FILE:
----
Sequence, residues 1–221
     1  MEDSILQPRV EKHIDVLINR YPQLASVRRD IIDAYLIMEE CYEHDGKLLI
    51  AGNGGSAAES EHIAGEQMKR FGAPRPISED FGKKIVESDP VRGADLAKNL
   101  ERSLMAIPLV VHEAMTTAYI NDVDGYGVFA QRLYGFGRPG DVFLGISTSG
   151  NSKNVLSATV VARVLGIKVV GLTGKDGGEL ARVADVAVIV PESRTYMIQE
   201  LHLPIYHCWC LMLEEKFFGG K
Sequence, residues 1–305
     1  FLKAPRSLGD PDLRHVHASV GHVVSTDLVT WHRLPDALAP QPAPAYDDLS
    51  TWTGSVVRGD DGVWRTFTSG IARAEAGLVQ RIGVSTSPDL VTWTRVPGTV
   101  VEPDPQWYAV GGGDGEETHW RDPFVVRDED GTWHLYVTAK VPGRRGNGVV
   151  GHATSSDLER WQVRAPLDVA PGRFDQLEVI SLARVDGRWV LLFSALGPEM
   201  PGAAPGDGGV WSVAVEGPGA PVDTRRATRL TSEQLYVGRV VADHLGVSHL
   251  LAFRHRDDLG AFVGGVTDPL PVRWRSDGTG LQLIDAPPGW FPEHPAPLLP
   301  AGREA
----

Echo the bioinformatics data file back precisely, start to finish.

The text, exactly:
Sequence, residues 1–221
     1  MEDSILQPRV EKHIDVLINR YPQLASVRRD IIDAYLIMEE CYEHDGKLLI
    51  AGNGGSAAES EHIAGEQMKR FGAPRPISED FGKKIVESDP VRGADLAKNL
   101  ERSLMAIPLV VHEAMTTAYI NDVDGYGVFA QRLYGFGRPG DVFLGISTSG
   151  NSKNVLSATV VARVLGIKVV GLTGKDGGEL ARVADVAVIV PESRTYMIQE
   201  LHLPIYHCWC LMLEEKFFGG K
Sequence, residues 1–305
     1  FLKAPRSLGD PDLRHVHASV GHVVSTDLVT WHRLPDALAP QPAPAYDDLS
    51  TWTGSVVRGD DGVWRTFTSG IARAEAGLVQ RIGVSTSPDL VTWTRVPGTV
   101  VEPDPQWYAV GGGDGEETHW RDPFVVRDED GTWHLYVTAK VPGRRGNGVV
   151  GHATSSDLER WQVRAPLDVA PGRFDQLEVI SLARVDGRWV LLFSALGPEM
   201  PGAAPGDGGV WSVAVEGPGA PVDTRRATRL TSEQLYVGRV VADHLGVSHL
   251  LAFRHRDDLG AFVGGVTDPL PVRWRSDGTG LQLIDAPPGW FPEHPAPLLP
   301  AGREA